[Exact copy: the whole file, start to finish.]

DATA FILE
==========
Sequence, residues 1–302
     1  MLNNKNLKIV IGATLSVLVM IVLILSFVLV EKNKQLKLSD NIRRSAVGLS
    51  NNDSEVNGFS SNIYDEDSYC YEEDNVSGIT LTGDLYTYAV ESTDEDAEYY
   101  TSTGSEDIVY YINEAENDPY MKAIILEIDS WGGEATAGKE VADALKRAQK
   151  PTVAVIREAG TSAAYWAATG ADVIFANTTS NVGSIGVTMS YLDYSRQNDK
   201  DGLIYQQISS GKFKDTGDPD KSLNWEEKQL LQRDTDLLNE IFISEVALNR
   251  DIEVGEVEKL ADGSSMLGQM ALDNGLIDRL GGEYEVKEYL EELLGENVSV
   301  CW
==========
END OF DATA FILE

Sequence, residues 1–302
     1  MLNNKNLKIV IGATLSVLVM IVLILSFVLV EKNKQLKLSD NIRRSAVGLS
    51  NNDSEVNGFS SNIYDEDSYC YEEDNVSGIT LTGDLYTYAV ESTDEDAEYY
   101  TSTGSEDIVY YINEAENDPY MKAIILEIDS WGGEATAGKE VADALKRAQK
   151  PTVAVIREAG TSAAYWAATG ADVIFANTTS NVGSIGVTMS YLDYSRQNDK
   201  DGLIYQQISS GKFKDTGDPD KSLNWEEKQL LQRDTDLLNE IFISEVALNR
   251  DIEVGEVEKL ADGSSMLGQM ALDNGLIDRL GGEYEVKEYL EELLGENVSV
   301  CW